I've found this advice from authors Neil Smith and Patricia O'Connnell (How Excellent Companies Avoid Dumb Things) to be particularly helpful when it comes to corporate culture and changing behavior:
- Corporate culture is an interlocking series of expectations, rituals, and habits maintained by peer influence and rewarding adherence.
- To change the way people do things, first you must convince them of the value of change.
- This is done most effectively by showing them the potential rewards for the new behavior.
- However, since the rewards are often in the future while the pain of change is immediate, the rewards have to be clearly articulated to serve as motivation.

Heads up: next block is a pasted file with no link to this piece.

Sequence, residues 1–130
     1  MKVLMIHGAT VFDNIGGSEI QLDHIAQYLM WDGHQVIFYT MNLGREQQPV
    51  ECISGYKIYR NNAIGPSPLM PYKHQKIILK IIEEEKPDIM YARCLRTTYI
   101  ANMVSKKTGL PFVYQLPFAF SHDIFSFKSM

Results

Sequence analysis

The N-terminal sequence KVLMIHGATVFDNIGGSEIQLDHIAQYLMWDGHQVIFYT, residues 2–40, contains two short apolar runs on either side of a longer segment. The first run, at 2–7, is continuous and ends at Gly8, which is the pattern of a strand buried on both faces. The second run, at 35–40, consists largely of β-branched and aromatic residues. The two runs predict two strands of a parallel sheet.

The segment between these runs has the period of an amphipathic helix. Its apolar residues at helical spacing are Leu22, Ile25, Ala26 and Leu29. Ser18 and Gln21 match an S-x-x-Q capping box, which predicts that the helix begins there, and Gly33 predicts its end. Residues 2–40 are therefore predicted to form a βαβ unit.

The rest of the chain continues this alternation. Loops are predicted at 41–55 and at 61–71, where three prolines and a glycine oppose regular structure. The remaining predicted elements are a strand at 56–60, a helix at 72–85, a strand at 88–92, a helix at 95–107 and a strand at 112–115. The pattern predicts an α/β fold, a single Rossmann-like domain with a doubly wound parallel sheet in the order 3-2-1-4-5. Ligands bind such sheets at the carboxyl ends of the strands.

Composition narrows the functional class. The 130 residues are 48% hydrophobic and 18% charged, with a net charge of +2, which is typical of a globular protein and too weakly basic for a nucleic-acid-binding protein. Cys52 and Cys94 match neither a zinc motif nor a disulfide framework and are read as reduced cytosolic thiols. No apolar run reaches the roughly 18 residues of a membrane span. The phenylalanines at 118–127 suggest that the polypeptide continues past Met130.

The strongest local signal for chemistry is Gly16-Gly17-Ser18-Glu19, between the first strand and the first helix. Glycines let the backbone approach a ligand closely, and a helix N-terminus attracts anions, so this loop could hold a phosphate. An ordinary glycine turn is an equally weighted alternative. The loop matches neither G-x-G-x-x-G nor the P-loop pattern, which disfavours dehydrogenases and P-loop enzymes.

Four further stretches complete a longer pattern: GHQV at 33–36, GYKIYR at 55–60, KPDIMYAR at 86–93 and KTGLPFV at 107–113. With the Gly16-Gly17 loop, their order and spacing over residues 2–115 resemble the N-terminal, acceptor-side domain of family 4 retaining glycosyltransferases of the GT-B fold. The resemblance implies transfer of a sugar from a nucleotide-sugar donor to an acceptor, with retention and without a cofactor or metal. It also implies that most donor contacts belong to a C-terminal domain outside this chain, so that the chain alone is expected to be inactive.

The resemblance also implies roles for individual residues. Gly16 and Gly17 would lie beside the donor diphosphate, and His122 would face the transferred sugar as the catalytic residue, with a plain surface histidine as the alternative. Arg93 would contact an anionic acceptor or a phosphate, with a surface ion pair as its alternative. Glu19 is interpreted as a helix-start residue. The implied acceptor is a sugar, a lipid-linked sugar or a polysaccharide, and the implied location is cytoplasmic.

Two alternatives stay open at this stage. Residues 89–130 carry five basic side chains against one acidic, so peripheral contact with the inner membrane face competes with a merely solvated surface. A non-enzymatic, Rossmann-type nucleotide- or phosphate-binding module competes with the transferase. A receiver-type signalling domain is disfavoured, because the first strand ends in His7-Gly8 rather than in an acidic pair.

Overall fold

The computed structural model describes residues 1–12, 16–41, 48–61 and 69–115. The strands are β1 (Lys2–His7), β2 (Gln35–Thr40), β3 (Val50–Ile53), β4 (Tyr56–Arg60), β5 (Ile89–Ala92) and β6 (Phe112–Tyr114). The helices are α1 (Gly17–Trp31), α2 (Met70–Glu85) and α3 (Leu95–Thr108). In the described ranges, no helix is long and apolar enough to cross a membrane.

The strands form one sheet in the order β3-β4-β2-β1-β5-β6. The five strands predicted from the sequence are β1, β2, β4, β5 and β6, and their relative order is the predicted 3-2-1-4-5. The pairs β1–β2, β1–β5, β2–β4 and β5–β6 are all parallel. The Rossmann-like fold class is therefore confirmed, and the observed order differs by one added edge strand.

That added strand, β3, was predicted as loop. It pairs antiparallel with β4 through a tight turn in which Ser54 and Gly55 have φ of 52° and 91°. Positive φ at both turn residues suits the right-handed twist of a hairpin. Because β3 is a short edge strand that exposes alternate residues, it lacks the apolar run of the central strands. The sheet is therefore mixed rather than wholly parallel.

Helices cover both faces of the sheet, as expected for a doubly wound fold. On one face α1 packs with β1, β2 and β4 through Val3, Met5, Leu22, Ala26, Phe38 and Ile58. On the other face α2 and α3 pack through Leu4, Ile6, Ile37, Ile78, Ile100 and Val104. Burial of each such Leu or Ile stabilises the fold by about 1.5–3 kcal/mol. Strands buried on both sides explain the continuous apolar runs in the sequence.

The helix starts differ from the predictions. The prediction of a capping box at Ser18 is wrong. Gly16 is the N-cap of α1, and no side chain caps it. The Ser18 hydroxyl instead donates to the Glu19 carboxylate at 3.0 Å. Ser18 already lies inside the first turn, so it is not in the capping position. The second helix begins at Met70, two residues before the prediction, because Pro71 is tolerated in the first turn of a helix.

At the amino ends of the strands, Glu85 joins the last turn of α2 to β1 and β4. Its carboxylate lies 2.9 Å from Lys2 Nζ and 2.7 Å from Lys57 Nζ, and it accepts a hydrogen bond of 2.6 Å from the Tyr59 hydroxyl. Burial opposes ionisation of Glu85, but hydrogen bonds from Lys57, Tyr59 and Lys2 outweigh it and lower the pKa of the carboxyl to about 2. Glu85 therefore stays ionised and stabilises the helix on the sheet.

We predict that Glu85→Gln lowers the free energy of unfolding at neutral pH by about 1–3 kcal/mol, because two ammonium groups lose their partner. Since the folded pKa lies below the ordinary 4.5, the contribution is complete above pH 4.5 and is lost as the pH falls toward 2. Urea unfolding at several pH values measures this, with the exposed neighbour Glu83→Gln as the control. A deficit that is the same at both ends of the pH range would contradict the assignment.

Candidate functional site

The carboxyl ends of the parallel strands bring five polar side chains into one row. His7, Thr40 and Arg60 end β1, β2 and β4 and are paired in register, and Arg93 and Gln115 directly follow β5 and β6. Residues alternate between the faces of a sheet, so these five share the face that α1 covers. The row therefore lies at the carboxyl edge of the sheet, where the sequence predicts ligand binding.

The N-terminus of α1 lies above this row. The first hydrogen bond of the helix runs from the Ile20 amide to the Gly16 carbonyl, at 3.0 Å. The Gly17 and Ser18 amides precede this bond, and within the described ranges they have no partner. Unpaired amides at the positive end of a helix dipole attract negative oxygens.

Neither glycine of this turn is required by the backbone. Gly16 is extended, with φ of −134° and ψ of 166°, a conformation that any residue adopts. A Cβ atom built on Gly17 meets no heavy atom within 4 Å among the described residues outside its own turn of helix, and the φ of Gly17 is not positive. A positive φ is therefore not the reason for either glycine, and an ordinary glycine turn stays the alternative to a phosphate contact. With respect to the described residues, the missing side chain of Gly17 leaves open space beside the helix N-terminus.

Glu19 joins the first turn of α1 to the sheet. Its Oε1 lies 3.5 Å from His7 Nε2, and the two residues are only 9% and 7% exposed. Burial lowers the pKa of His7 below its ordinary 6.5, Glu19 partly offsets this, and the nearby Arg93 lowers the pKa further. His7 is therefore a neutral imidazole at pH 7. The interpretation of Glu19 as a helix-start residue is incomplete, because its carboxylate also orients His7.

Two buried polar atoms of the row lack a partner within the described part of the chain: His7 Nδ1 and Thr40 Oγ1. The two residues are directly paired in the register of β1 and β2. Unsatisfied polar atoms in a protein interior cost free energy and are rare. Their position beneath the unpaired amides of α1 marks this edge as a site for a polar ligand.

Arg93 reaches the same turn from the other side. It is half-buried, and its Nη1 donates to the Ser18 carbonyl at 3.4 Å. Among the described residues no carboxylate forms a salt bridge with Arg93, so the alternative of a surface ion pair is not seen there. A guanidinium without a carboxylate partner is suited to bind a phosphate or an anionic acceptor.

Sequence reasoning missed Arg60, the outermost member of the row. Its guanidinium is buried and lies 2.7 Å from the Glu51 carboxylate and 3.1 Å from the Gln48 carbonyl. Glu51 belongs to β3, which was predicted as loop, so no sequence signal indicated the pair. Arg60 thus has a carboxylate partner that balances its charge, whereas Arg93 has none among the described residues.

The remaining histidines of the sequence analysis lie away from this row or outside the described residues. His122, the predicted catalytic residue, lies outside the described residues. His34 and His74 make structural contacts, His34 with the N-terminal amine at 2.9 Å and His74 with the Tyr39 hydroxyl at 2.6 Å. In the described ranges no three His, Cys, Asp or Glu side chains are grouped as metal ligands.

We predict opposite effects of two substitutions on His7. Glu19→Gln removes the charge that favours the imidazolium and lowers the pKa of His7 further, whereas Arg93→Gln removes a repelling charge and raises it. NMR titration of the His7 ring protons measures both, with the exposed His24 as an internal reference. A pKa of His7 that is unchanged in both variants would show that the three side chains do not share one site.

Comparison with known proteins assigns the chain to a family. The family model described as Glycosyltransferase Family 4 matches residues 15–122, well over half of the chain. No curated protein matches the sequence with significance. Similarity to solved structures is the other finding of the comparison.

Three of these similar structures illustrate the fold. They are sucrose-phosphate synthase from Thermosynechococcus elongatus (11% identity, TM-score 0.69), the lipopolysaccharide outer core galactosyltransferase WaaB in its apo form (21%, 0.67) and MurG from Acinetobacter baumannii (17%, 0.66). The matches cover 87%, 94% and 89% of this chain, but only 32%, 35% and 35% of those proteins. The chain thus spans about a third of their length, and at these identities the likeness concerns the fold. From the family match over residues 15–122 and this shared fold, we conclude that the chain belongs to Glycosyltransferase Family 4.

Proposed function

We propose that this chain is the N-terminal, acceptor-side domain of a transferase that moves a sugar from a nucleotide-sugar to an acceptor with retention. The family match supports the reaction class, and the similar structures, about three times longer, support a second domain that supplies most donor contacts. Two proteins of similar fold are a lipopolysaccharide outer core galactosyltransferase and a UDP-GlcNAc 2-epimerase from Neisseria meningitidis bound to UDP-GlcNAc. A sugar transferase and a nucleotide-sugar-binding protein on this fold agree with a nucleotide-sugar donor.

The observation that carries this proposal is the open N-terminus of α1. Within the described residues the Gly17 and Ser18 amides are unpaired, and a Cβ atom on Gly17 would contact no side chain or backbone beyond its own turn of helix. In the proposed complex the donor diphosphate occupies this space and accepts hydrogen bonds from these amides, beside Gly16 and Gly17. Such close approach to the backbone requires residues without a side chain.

Smith and O'Connell go on to explain that:
- Given the importance of peer influence, people need to perceive that respected peers are adopting change.
The reason...because according to their cited research:
- 3 percent of the population tends to be innovators of change
- 9 percent are early adopters
- 38 percent are early-majority adopters
- 38 percent are later-majority adopters
- 12 percent are laggards
Consequently, culture change should be aimed at the early and later majorities because they are the largest groups and will influence the others.